Lindsey v. Social Security Administration, Commissioner

Filing 14

MEMORANDUM OPINION. Signed by Judge Sharon Lovelace Blackburn on 9/22/16. (SMH)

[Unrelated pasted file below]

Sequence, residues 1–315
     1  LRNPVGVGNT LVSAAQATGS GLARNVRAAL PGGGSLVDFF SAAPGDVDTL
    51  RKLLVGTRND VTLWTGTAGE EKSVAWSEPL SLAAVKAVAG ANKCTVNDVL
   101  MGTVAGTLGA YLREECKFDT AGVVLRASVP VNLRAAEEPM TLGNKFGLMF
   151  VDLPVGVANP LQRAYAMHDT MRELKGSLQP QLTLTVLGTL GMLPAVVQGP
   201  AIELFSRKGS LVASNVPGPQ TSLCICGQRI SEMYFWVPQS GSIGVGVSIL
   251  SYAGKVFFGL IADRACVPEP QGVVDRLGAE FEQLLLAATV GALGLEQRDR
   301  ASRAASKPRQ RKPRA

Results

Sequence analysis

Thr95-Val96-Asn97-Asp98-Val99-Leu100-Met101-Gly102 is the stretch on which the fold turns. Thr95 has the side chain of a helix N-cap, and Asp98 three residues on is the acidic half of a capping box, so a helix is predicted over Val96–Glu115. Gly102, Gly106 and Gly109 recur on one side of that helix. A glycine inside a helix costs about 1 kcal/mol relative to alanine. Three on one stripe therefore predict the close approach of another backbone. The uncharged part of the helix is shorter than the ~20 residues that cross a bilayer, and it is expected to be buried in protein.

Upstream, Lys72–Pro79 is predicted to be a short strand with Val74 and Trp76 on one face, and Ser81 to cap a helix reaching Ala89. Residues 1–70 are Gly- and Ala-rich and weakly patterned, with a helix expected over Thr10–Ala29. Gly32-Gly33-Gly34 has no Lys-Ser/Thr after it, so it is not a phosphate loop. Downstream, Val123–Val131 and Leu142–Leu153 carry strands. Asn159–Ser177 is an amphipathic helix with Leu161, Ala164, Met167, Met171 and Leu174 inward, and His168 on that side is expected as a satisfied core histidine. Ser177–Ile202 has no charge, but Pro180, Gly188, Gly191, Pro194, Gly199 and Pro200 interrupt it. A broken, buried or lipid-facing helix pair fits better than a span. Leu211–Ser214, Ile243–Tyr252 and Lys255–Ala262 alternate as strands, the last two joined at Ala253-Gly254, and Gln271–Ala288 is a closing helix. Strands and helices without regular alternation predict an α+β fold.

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FILED 2016 Sep-22 PM 03:52 U.S. DISTRICT COURT N.D. OF ALABAMA UNITED STATES DISTRICT COURT NORTHERN DISTRICT OF ALABAMA NORTHEASTERN DIVISION SARAH LINDSEY, Plaintiff, vs. CAROLYN W. COLVIN, Acting Commissioner of Social Security, Defendant. ) ) ) ) ) ) ) ) ) ) CASE NO. 5:15-CV-0234-SLB MEMORANDUM OPINION Plaintiff Sarah Lindsey brings this action pursuant to 42 U.S.C. § 405(g), seeking review of the final decision of the Commissioner of Social Security denying her application for a period of disability and disability insurance benefits [DIB]. Upon review of the record, the parties’ submissions, and the relevant law, the court is of the opinion that the Commissioner’s decision is due to be reversed and this matter will be remanded for an award of benefits. I. PROCEDURAL HISTORY On September 29, 2011, Ms. Lindsey protectively filed an application for a period of disability and DIB, alleging that she had become unable to work on August 15, 2011. (Doc. 7-3 at R.10; doc. 7-6 at R.123.)1 The application was denied initially. (Doc. 7-5 at R.52.) 1 Reference to a document number, [“Doc.”], refers to the number assigned to each document as it is filed in the court’s record. Reference to a page numbers in the Commissioner’s record, [“R.”], refers to the page number assigned to the record by the Commissioner. Thereafter, Ms. Lindsey requested a hearing before an Administrative Law Judge [ALJ], (id. at R.57-58), which was held on March 26, 2013, (doc. 7-3 at R.26). Following the hearing, the ALJ found that Ms. Lindsey was not disabled; therefore, he denied her application on May 17, 2013. (Doc. 7-3 at R.19.) Ms. Lindsey asked the Appeals Council to review the ALJ’s decision. (See id. at R.5.) The Appeals Council denied the request for review, stating that it had “found no reason under [its] rules to review the [ALJ’s] decision.” (Id. at 1.) Therefore, “the [ALJ’s] decision is the final decision of the Commissioner of Social Security in [Mr. Lindsey’s] case.” (Id.) Ms. Lindsey filed an appeal in this court on February 8, 2015. (Doc. 1.) II. STANDARD OF REVIEW In reviewing claims brought under the Social Security Act, this court’s role is a narrow one: “Our review of the Commissioner’s decision is limited to an inquiry into whether there is substantial evidence to support the findings of the Commissioner, and whether the correct legal standards were applied.” Wilson v. Barnhart, 284 F.3d 1219, 1221 (11th Cir. 2002); see also Lamb v. Bowen, 847 F.2d 698, 701 (11th Cir. 1988). The court gives deference to the Commissioner’s factual findings. Cornelius v. Sullivan, 936 F.2d 1143, 1145 (11th Cir. 1991). The court “may not decide the facts anew, reweigh the evidence, or substitute [its] judgment for that of the [Commissioner], rather [it] must scrutinize the record as a whole to determine if the decision reached is reasonable and supported by substantial evidence.” Martin v. Sullivan, 894 F.2d 1520, 1529 (11th Cir. 1990) (quoting Bloodsworth v. Heckler, 703 F.2d 1233, 1239 (11th Cir.1983)) (internal 2 quotations and other citation omitted). “The Commissioner’s factual findings are conclusive if supported by substantial evidence.” Wilson, 284 F.3d at 1221 (citing Martin v. Sullivan, 894 F.2d 1520, 1529 (11th Cir. 1990); Allen v. Bowen, 816 F.2d 600, 602 (11th Cir. 1987)). “Substantial evidence” is “more than a scintilla and is such relevant evidence as a reasonable person would accept as adequate to support a conclusion.” Winschel v. Commissioner of Social Sec., 631 F.3d 1176, 1178 (11th Cir. 2011) (internal quotations and citations omitted). Conclusions of law made by the Commissioner are reviewed de novo. Cornelius, 936 F.2d at 1145. “No . . . presumption of validity attaches to the [Commissioner’s] conclusions of law.” Wiggins v. Schweiker, 679 F.2d 1387, 1389 (11th Cir. 1982). III. DISCUSSION A. THE FIVE-STEP EVALUATION The regulations require the Commissioner to follow a five-step sequential evaluation to determine whether a claimant is eligible for DIB. See 20 C.F.R. § 404.1520; see also Bowen v. City of New York, 476 U.S. 467, 470 (1986). “[A]n individual shall be considered to be disabled for purposes of [determining eligibility for DIB benefits] if [she] is unable to engage in any substantial gainful activity by reason of any medically determinable physical or mental impairment which can be expected to result in death or which has lasted or can be expected to last for a continuous period of not less than twelve months.” 42 U.S.C. §1382c(a)(3)(A). The specific steps in the evaluation process are as follows: 3 1. Substantial Gainful Employment First, the Commissioner must determine whether the claimant is engaged in “substantial gainful activity.” Bowen v. Yuckert, 482 U.S. 137, 140 (1987). The regulations define “substantial gainful activity” as “work activity that is both substantial and gainful.”2 20 C.F.R. § 404.1572. If the claimant is working and that work is substantial gainful activity, the Commissioner will find that she is not disabled regardless of the claimant’s medical condition or her age, education, and work experience. 20 C.F.R. § 404.1520(b). “Under the first step, the claimant has the burden to show that she is not currently engaged in substantial gainful activity.” Reynolds-Buckley v. Commissioner of Social Sec., 457 Fed. Appx. 862, 863 (11th Cir. 2012).3 2 The regulation provides: (a) Substantial work activity. Substantial work activity is work activity that involves doing significant physical or mental activities. Your work may be substantial even if it is done on a part-time basis or if you do less, get paid less, or have less responsibility than when you worked before. (b) Gainful work activity. Gainful work activity is work activity that you do for pay or profit. Work activity is gainful if it is the kind of work usually done for pay or profit, whether or not a profit is realized. (c) Some other activities. Generally, we do not consider activities like taking care of yourself, household tasks, hobbies, therapy, school attendance, club activities, or social programs to be substantial gainful activity. 20 C.F.R. § 404.1572(a)-(c). 3 Eleventh Circuit Rule 36-2 provides, in pertinent part, “An opinion shall be unpublished unless a majority of the panel decides to publish it. Unpublished opinions are not considered binding precedent, but they may be cited as persuasive authority.” 11th Cir. 4 The ALJ found that Ms. Lindsey had not engaged in substantial gainful activity during the period from her alleged onset date, August 15, 2011, through the date of his decision, May 17, 2013. (Doc. 7-3 at R.18-19.) 2. Severe Impairments If the claimant is not engaged in substantial gainful activity, the Commissioner must next determine whether the claimant suffers from a severe impairment, or combination of impairments, that significantly limits her physical or mental ability to do basic work activities. 20 C.F.R. § 404.1520(a)(4)(ii), (c). “[A] ‘physical or mental impairment’ is an impairment that results from anatomical, physiological, or psychological abnormalities which are demonstrable by medically acceptable clinical and laboratory diagnostic techniques.” 42 U.S.C. § 1382c(a)(3)(D). The regulations provide: “[I]f [the claimant does] not have any impairment or combination of impairments which significantly limits [her] physical or mental ability to do basic work activities, [the Commissioner] will find that [she does] not have a severe impairment and [is], therefore, not disabled.” 20 C.F.R. § 404.1520(c). “An impairment can be considered as not severe only if it is a slight abnormality which has such a minimal effect on the individual that it would not be expected to interfere with the individual’s ability to work, irrespective of age, education, or work experience.” Brady v. Heckler, 724 F.2d 914, 920 (11th Cir. 1984); see also 20 C.F.R. § 404.1521(a). A claimant may be found disabled based on a combination of impairments even though none of the R. 36-2 (emphasis added). 5 individual impairments alone are disabling. Walker v. Brown, 826 F.2d 996, 1001 (11th Cir. 1985); see also 20 C.F.R. § 404.1523. A claimant has the burden to show that she has a severe impairment or combination of impairments. Reynolds-Buckley, 457 Fed. Appx. at 863. The ALJ found that Ms. Lindsey had “the following severe impairments: chiari malformation with associated chronic headaches, hypertension, a history of chronic diverticulitis, obesity, and depression.” (Doc. 7-3 at R.12.) 3. The Listings If the claimant has a severe impairment, the Commissioner must then determine whether the claimant’s impairment is equivalent to any one of the listed impairments, which are impairments that are so severe as to prevent an individual with the described impairment from performing substantial gainful activity. 20 C.F.R. § 404.1520(a)(4)(iii), (d)-(e); see 20 C.F.R. pt. 404, Subpart P, Appendix 1 [The Listings]. If the claimant’s impairment meets or medically equals a Listing, the Commissioner must find the claimant disabled, regardless of the claimant’s age, education, and work experience. 20 C.F.R. § 404.1520(d). The claimant has the burden of proving that her impairment meets or equals the criteria contained in one of the Listings. Reynolds-Buckley, 457 Fed. Appx. at 863. The ALJ found that Ms. Lindsey did not have an impairment or combination of impairments that met or medically equaled the severity of a Listing. (Doc. 7-3 at R.12.) 6 4. Residual Functional Capacity and Past Relevant Work If the impairment does not meet or equal the criteria of a Listing, the claimant must prove that her impairment prevents her from performing her past relevant work. See 20 C.F.R. § 404.1520(a)(4)(iv), (f). At step four, the Commissioner compares her assessment of the claimant’s residual functional capacity [RFC] with the physical and mental demands of the claimants’s past relevant work. 20 C.F.R. § 404.1560(b). “Past relevant work” is work that the claimant has done within the past 15 years, that was substantial gainful activity, and that lasted long enough for her to learn to do it. 20 C.F.R. § 404.1560(b)(1). If the claimant is capable of performing her past relevant work, the Commissioner will find she is not disabled. 20 C.F.R. § 404.1520(e). The claimant bears the burden of establishing that her impairment prevents her from performing past work. Reynolds-Buckley, 457 Fed. Appx. at 863. The ALJ found: [T]he claimant has the [RFC] to perform medium work as defined in 20 C.F.R. 404.1567(c), with occasional lifting and/or carrying up to 50 pounds and frequent lifting and/or carrying up to 25 pounds. She can stand and/or walk for six hours and sit for six hours in an eight-hour workday. She would have no limitations with pushing and/or pulling. She should not climb ladders, ropes, and scaffolds, but can frequently perform all other postural maneuvers. She should not work at unprotected heights or around hazardous machinery. Work should be unskilled and involve only simple instructions and occasional interaction with others. She may miss one day of work a month. (Doc. 7-3 at R.13.) Based on his finding regarding her RFC and the testimony of a vocational expert [VE], the ALJ found that Ms. Lindsey was unable to perform her past relevant work as a receptionist and customer service clerk. (Id. at R.17.) 7 5. Other Work in the National Economy If the claimant establishes that she is unable to perform her past relevant work, the Commissioner must show that the claimant – in light of her RFC, age, education, and work experience – is capable of performing other work that exists in substantial numbers in the national economy. Reynolds-Buckley, 457 Fed. Appx. at 863; see also 20 C.F.R. § 404.1520(c)(1). The regulations provide: (1) If we find that your [RFC] does not enable you to do any of your past relevant work . . ., we will use the same [RFC] assessment when we decide if you can adjust to any other work. We will look at your ability to adjust to other work by considering your [RFC] and the vocational factors of age, education, and work experience, as appropriate in your case. . . . Any other work (jobs) that you can adjust to must exist in significant numbers in the national economy (either in the region where you live or in several regions in the country). (2) In order to support a finding that you are not disabled at this fifth step of the sequential evaluation process, we are responsible for providing evidence that demonstrates that other work exists in significant numbers in the national economy that you can do, given your [RFC] and vocational factors. We are not responsible for providing additional evidence about your [RFC] because we will use the same [RFC] assessment that we used to determine if you can do your past relevant work. Id. (c)(1)-(2). If the claimant is not capable of performing other work, the Commissioner must find the claimant is disabled. 20 C.F.R. § 404.1520(g). The ALJ found that Ms. Lindsey, who was born in 1956, was an individual closely approaching advanced age on the alleged onset date and “subsequently changed age category to advanced age.” (Doc. 7-3 at R.17.) She had at least a high school education and could communicate in English. (Id.) The ALJ consulted a VE; the VE testified that an individual 8 with Ms. Lindsey’s RFC and vocational factors could perform the jobs of hand packager, stock clerk, and housekeeper, which jobs existed in significant numbers in the national economy. (Id. at R.18, R.36-37.) Based on this testimony, the ALJ found Ms. Lindsey could perform other work. (Id. at 18.) Therefore, the ALJ found that Ms. Lindsey had not been under a disability at any time from August 15, 2011, the alleged onset date, through May 17, 2013, the date of the ALJ’s decision. (Id. at R.18-19.) B. ISSUES ON APPEAL Ms. Lindsey states her issues on appeal as follows: Whether the ALJ failed to properly evaluate the credibility of the Plaintiff’s testimony of disabling symptoms consistent with the Eleventh Circuit Pain Standard. and Whether the ALJ failed to properly articulate good cause for according less weight to the opinions of the Plaintiff’s treating physician. (Doc. 9 at 3, 10.) For the reasons set forth below, the court finds that the ALJ’s credibility decision is not supported by substantial evidence and, therefore, is due to be reversed. The court pretermits discussion of whether the ALJ erred in the weight given to Ms. Lindsey’s treating physician’s opinions that Ms. Lindsey was disabled. “If proof of disability is based upon subjective evidence and a credibility determination is, therefore, critical to the decision, the ALJ must either explicitly discredit such testimony or the implication must be so clear as to amount to a specific credibility 9 finding.” Duval v. Comm’r of Soc. Sec., 628 Fed. Appx. 703, 711 (11th Cir. 2015)(quoting Foote v. Chater, 67 F.3d 1553, 1562 (11th Cir. 1995)). Pain alone can be disabling, even when its existence is unsupported by objective evidence. Walker v. Bowen, 826 F.2d 996, 1003 (11th Cir. 1987). The [ALJ] must consider a claimant’s subjective testimony of pain if [she] finds evidence of an underlying medical condition, and either (1) objective medical evidence to confirm the severity of the alleged pain arising from that condition, or (2) that the objectively determined medical condition is of a severity that can reasonably be expected to give rise to the alleged pain. Mason v. Bowen, 791 F.2d 1460, 1462 (11th Cir. 1986); Landry v. Heckler, 782 F.2d 1551, 1553 (11th Cir. 1986). After considering a claimant’s complaints of pain, the ALJ may reject them as not creditable, and that determination will be reviewed for substantial evidence. Wilson v. Heckler, 734 F.2d 513, 517 (11th Cir. 1984). If the ALJ refused to credit subjective pain testimony where such testimony is critical, he must articulate specific reasons for questioning the claimant’s credibility. Walker, 826 F.2d at 1004. Marbury v. Sullivan, 957 F.2d 837, 839 (11th Cir. 1992). “A clearly articulated credibility finding with substantial supporting evidence in the record will not be disturbed by a reviewing court.” Foote v. Chater, 67 F.3d 1553, 1562 (11th Cir. 1995)(citing MacGregor v. Bowen, 786 F.2d 1050, 1054 (11th Cir. 1986)). “Regulation 96-7p and 20 C.F.R. §§ 404.1529(c)(4) and 416.929(c)(4) require the ALJ to consider the consistency of subjective complaints.” Majkut v. Comm’r of Soc. Sec., 394 Fed. Appx. 660, 663 (11th Cir. 2010); see also SSR 16-3p, 2016 WL 1119029, *1 (This new ruling, which replaces SSR 96-7p, states, “we are eliminating the use of the term ‘credibility’ from our sub-regulatory policy, as our regulations do not use this term. In doing so, we clarify that subjective symptom evaluation is not an examination of an individual’s character. Instead, we will more closely follow our regulatory language regarding symptom evaluation.”). Inconsistencies and conflicts in the 10 record evidence and the claimant’s statements about her symptoms may provide a basis for discounting the extent of claimant’s statements. The Commissioner’s regulations state: In determining the extent to which your symptoms, such as pain, affect your capacity to perform basic work activities, we consider all of the available evidence . . . . We will consider your statements about the intensity, persistence, and limiting effects of your symptoms, and we will evaluate your statements in relation to the objective medical evidence and other evidence, in reaching a conclusion as to whether you are disabled. We will consider whether there are any inconsistencies in the evidence and the extent to which there are any conflicts between your statements and the rest of the evidence, including your history, the signs and laboratory findings, and statements by your treating or nontreating source or other persons about how your symptoms affect you. Your symptoms, including pain, will be determined to diminish your capacity for basic work activities to the extent that your alleged functional limitations and restrictions due to symptoms, such as pain, can reasonably be accepted as consistent with the objective medical evidence and other evidence. 20 C.F.R. § 404.1529(c)(4)(emphasis added); see, e.g, Dyer v. Barnhart, 395 F.3d 1206, 1211 (11th Cir. 2005); Wilson, 284 F.3d at 1226. Also, evidence that the claimant is malingering or otherwise magnifying or exaggerating her symptoms is evidence that the symptoms are less likely to reduce the claimant’s capacity to perform work related activities. See, e.g., Miles v. Comm’r of Soc. Sec., No. 15-14454, 2016 WL 3402526, *2 (11th Cir. June 21, 2016); Mills v. Astrue, 396 Fed. Appx. 621, 623 (11th Cir. 2010); Moore v. Barnhart, 405 F.3d 1208, 1213 (11th Cir. 2005); Sanders v. Astrue, 974 F. Supp. 2d 1316, 1327 (N.D. Ala. 2013). At the hearing before the ALJ, Ms. Lindsey testified as follows: Q. [Ms. Lindsey’s attorney] Ms. Lindsey, have you worked anywhere since August 15th of 2011? 11 A. No. Q. Can you please tell the court why you stopped work at that time? A. The pain in my head was so bad that I had to stay in bed and take something for pain, and I just couldn't, I just couldn't get up. I couldn't concentrate. You know, I just – my work, if, if you miss often by a number, you lose a lot of money and I just couldn't concentrate to do the work. Q. Were you missing days at work? A. Yes. Q. Do you remember how many days you missed – A. No. ... Q. And since that time, have your headaches gotten better, worse, or stayed about the same? A. They've stayed about the same. They – I have good days and bad days where the pain is not as bad, but I do have headaches everyday. Q. Okay, how many bad days do you say you have out of a month regarding your headaches? A. Fifteen to twenty. Q. And on those days, how would you rate your pain with the headaches, on a scale of zero to ten with ten being the type of pain, you are in the emergency room getting treatment and zero being no pain at all? A. Well, they supply me with pain medication at home, but my pain level would be about a ten on the bad days. Q. And what can you bring it down to with the medication? A. I can bring it down sometimes to about an eight or something if it's real bad ones. 12 Q. On those days, are you able to get up and function? A. No. Q. How do you spend your day when you're having a bad headache? A. Laying down, in a darkened room, no sound. Q. And you're also having trouble with your memory? A. Yes. Q. What kind of problems are you having with that? A. I might can read something, like – or hear something, and then by the time I turn around, I can't remember what I was told. Q. Does your – do you live with your husband? A. Yes. Q. What kind of things does he have to help you remember to do? A. Everything. He – I forget to take my medication. He doses it out for me so that I don't mess it up because I have messed it up several times. Q. Are you still able to cook? A. No, I hardly ever cook. Q. Do you – go ahead. A. I try sometimes, but usually I mess it up, so. Q. Can you concentrate long enough to watch a movie during the day? A. No, not, not an entire movie. Most of the things I watch, if I feel well enough to watch, it's like a 30-minute program or something like that, and I may record it if I want to see it all, and when I feel better I may watch it later. 13 Q. What symptoms are you having with your depression? A. I have real bad anxiety attacks. I don't go out much. If I go out, I try to go out in places where I can see light in the door to get out, but I just start breaking out in a sweat and getting really – you know, I want to get out there. Q. Do you have panic attacks? A. Yeah. Q. Do you have them even when you don't leave your home? A. Not so much as when I leave my home. I have had some at home, but it's mostly when I try to go out. ... Q. Do you feel like your treatment has been effective? A. Not really. (Doc. 7-3 at R.29-31.) In his Decision, the ALJ found: The claimant reported her depression and migraine headaches4 were her primary problems, but treatment records have not supported the subjective complaints of the claimant. In fact, despite her headaches, which she reported she had had for years, the claimant had continued to work for a significant period of time and evidence has not shown their intensity or their duration have increased. In fact, some improvement has been evidenced with her medications. The undersigned also finds no particular support for the claimant’s complaints regarding difficulty with memory and concentration. While the claimant has reported significant limitations in her daily activities, 4 According to the National Institutes of Health, “A migraine headache involves severe pain. It usually occurs with other symptoms, such as vision changes, sensitivity to sound or light, or nausea.” Headaches: Causes, 14 objective findings failed to support the severity alleged and the undersigned finds the claimant is not fully credible. (Id. at R.17.) The court finds that these findings are not support by the record. The court notes that “neither the [Social Security Administration] nor the federal courts require that an impairment, including migraines, be proven through objective clinical findings.” Thompson v. Barnhart, 493 F. Supp. 2d 1206, 1215 (S.D. Ala. 2007)(citing, inter alia, Ortega v. Chater, 933 F. Supp. 1071, 1075 (S.D. Fla. 1996)), quoted in Creel v. Wachovia Corp., No. 08-10961, 2009 WL 179584, *8 n.20 (11th Cir. Jan. 27, 2009)(“Neither party has identified any objective tests that would automatically establish the existence of neurologically-based migraines, and there appears to be no set standard for establishing the existence of migraines.”). The court finds that the lack of objective evidence is not substantial evidence of the severity of Ms. Lindsey’s subjective symptoms. Contrary to the ALJ’s statement, the medical records show that Ms. Lindsey reported an increase in the severity and duration of her headaches in August 2011. On August 3, 2011, Angelia Elliott, M.D., Ms. Lindsey’s treating physician, noted that Ms. Lindsey presented with the return of her chronic headaches. (Doc. 7-8 at R.252 [“She is still having problems with her chronic headaches. They have started back again.”].) That day, Dr. Elliott noted, “We had a long discussion about her job. I am going to put her on a leave of absence for now but I am afraid that she may be to the point where she is not going to be able to continue to work full-time.” (Id. at R.252-53.) Dr. Elliott referred Ms. Lindsey to a neurologist. (Id. at R.252.) Ms. Lindsey was seen at Cullman Primary Care – Neurology 15 by Doctors Paul Gilreath and Sheri Swader. On August 31, 2011, Dr. Gilreath diagnosed Ms. Lindsey with mixed-type headache and possibly a rebound headache,5 given her use of the pain relieving drug, Lortab. (Id. at R.330.) He noted that, although Ms. Lindsey reported she had had headaches for twenty years, the headaches “started back” again in 2010. (Id. at R.327.) Thereafter, Ms. Lindsey was seen by Dr. Swader in November 2011, who also noted that Ms. Lindsey’s headaches had increased since 2010 and “significantly intensified” in August 2011. (Id. at R.331.) According to Dr. Swader, Ms. Lindsey had a “constant global headache anywhere from 8-10+/10 in severity” with nausea and sensitivity to light and sound; she obtained “some relief for 24-36 hours” from injections of Demerol, a pain killer, and Phenergan, an anti-nausea medication, for relief. (Id. [emphasis added].) Dr. Swader diagnosed Ms. Lindsey with “constant headaches that likely [are] chronic intractable migraine headache[s],” and “some difficulty with her memory.” (Id. at R.333 [emphasis added].) Dr. Swader noted that Ms. Lindsey was “having a lot of difficulty with headaches and neck pain” in February 2012. (Doc. 7-9 at R.430.) The headaches were daily, in the occipital area or, occasionally, 5 “Rebound headaches are headaches that keep coming back. They often occur from overuse of pain medicines. For this reason, these headaches are also called medicine overuse headaches. People who take pain medicine more than 3 days a week on a regular basis can develop this type of headache.” Headache: Causes, ency/article/003024.htm. “[A]ny medication taken for pain relief can cause rebound headaches, but only if [an individual’ already [has] a headache disorder. Pain relievers taken regularly for another condition, such as arthritis, have not been shown to cause rebound headaches in people who never had a headache disorder.” Mayo Clinic Staff, Diseases and Conditions: Rebound headaches, rebound-headaches/basics/definition/con-20024096. 16 in the frontal area, that are 8-9/10 in severity. (Id. at R.430, R.433 [emphasis added].) The ALJ’s findings – (1) that the intensity and duration of her headaches had not increased and (2) that “despite her headaches, which she reported she had had for years, [Ms. Lindsey] had continued to work for a significant period of time” – are not supported by substantial evidence. The court also finds that the ALJ erred in finding that Ms. Lindsey’s “complaints regarding difficulty with memory and concentration” are not supported by the record. In August 2011, Dr. Elliott noted Ms. Lindsey was “having a lot of problems with her memory.” (Doc. 7-8 at R.252.) Dr. Swader also noted that Ms. Lindsey continued to have “some difficulty focusing” and “some trouble with her memory” that had improved. (Id. at R.430; see also id. at R.433.) In April 2012, Dr. Swader noted that Ms. Lindsey’s continued to have difficulty with her focus and memory, as she had taken and used notes during the office visit. (Doc. 7-9 at R.423, R.425-27 [emphasis added].) In May 2012, Ms. Lindsey’s counselor noted that she had exhibited memory loss as evidenced by “forgetting her phone number and simple directions.” (Doc. 7-10 at R.475.) On June 5, 2012, Dr. Swader noted, “I think most of [Ms. Lindsey’s] memory problems are multifactorial and related to her chronic headaches, pain, depression and medication.6 . . . Once the headaches are under better control she may need neuropsych testing in the future.” (Doc. 7-9 at R.416 [footnote 6 At this time, Ms. Lindsey was on a number of prescriptions for pain, including ketorolac tromethamine, Lortab, gabapentin, and oxcarbazepine. (Doc. 7-9 at R.417.) She also was taking a number of antidepressants and anti-anxiety medications, including buspirone, Celexa, Klonopin, trazodone, and Lexapro. (Id.) 17 added].) The record contains no evidence that Ms. Lindsey had “neuropsych testing.” The court has found nothing in the record that contradicts Ms. Lindsey’s reports to her treating physicians, which these physicians credited, regarding her difficulties concentrating and remembering. The court finds the ALJ’s finding to the contrary is not supported by substantial evidence. The court finds that Ms. Lindsey’s medical records and her limited daily activities are consistent with her complaints of disabling pain and other symptoms. The ALJ’s articulated reasons for finding her statements “not fully credible” are not supported by substantial evidence. Also, the ALJ found: Notes from Dr. Elliott in November 2012 showed the claimant had obtained a second opinion about her headaches, but she reported the results were the same and indicated she was ‘really happy with Dr. Swader and is planning to continue with her’ (Exhibits 16F and 17F). It seems reasonable to assume, if the claimant was not receiving results from treatment that improved her level of functioning, she would have sought treatment from other sources. (Doc. 7-3 at R.15; see also doc. 7-10 at R.506 [Dr. Elliott noted, “[S]he did get a second opinion about her headaches and the results were the same[;] she is really happy with Dr. Swader and is planning to continue with her.”].) The court does not disagree with the assumption that Ms. Lindsey decided to stay with Dr. Swader because she had received some improvement under Dr. Swader’s treatment. However, an assumption that Ms. Lindsey’s level of functioning under Dr. Swader’s treatment had improved to a level that would allow her to work is not supported by the evidence that she had decided to stay under Dr. Swader’s 18 treatment after receiving an opinion from another doctor that was the same as Dr. Swader’s opinion. On November 29, 2012, Dr. Swader noted, “[Ms. Lindsey] has difficulty with chronic headaches. . . . They are essentially every day. Sometimes they will worsen for a period of time. On average they’re 7-8/10 in severity. . . . Demerol and Phenergan injections at least make [them] tolerable but [do] not actually resolve the headache.” (Doc. 7-9 at R.452.) The record does not contain any evidence from the physician who gave the second opinion. However, assuming the second-opinion physician told Ms. Lindsey that he or she would treat her headaches in the same manner as Dr. Swader with the same results, such an opinion would not be cause to change physicians in search of medical improvement. Certainly, the failure to change physicians under these circumstances does not support a reasonable inference that Ms. Lindsey’s headaches had improved to better than 7-8/10 in severity on average every day, as indicated in Dr. Swader’s notes. The treatment records are consistent and demonstrate that Ms. Lindsey’s treating physicians considered her to be experiencing pain and difficulty with remembering and concentrating to the severity, frequency, and duration to which Ms. Lindsey had testified. The ALJ’s determination that Ms. Lindsey’s statements about her symptoms were not fully credible is not supported by substantial evidence. [I]f the ALJ either fails to articulate reasons for refusing to credit the plaintiff’s pain testimony, or if his reasons are not supported by substantial evidence, the pain testimony of the plaintiff must be accepted as true.” Davis v. Astrue, 478 F. Supp. 2d 1342, 1346 (N.D. Ala. 2007). In this case, the VE testified as follows: 19 Q. [ALJ] Okay. . . . Now, I’ve heard testimony in regard to the, the claimant’s pain, discomfort, and other restrictions and limitations, and – but based on that, let me ask you some additional restrictions and hypotheticals. Let’s assume that the individual as a result of perhaps it could be pain, perhaps it could be psychological reasons, would have problems with persistence, pace, and concentration to the extent that even unskilled work would be precluded in that, she would be unable to perform such work for periods of up to two consecutive hours without a work break, . . . what would happen then? A. [VE] I believe that would omit all employment opportunities. Q. And kind of similar hypos to the one I just gave you, let’s assume she would require frequent work breaks beyond those that are generally scheduled, what affect would that have? A. Again that would prevent a person from being able to maintain any types of competitive employment. Q. And absenteeism, let’s assume she’d miss two or at least two days of work per month, it would be a minimum of two to being something far higher, what affect would a steady limit of two days each month, and that . . . that would be month after month of course? A. That level of absenteeism is excessive to being able to maintain any type of job. Q. And generally, let’s assume the individual would be precluded from employment, a standard workday on a regular and sustained basis and a standard workweek, which I’ll define as ranging anywhere from 32 to 40 hours, what affect would that have? A. That would prevent a person from being able . . . to maintain employment on a regular basis. (Doc. 7-3 at R.38-39.) “This court . . . may . . . remand the case for an entry of an order awarding disability benefits where the [Commissioner] has already considered the essential evidence and it is 20 clear that the cumulative effect of the evidence establishes disability without any doubt.” Davis v. Shalala, 985 F.2d 528, 534 (11th Cir. 1993). In this case, finding insufficient evidence to discredit Ms. Lindsey’s testimony – and, thus, assuming her testimony regarding her symptoms is true – and considering the testimony of the VE, the court finds “the evidence establishes disability without any doubt.” See id. Therefore, the Commissioner’s decision denying Ms. Lindsey’s claim for a period of disability and DIB will be reversed and remanded with instructions that Ms. Lindsey be awarded the benefits claimed. CONCLUSION For the reasons set forth above, the decision of the Commissioner is due to be reversed and this cause remanded for an award of benefits claimed. An Order in conformity with the Memorandum Opinion will be entered contemporaneously. DONE this 22nd day of September, 2016. SHARON LOVELACE BLACKBURN SENIOR UNITED STATES DISTRICT JUDGE 21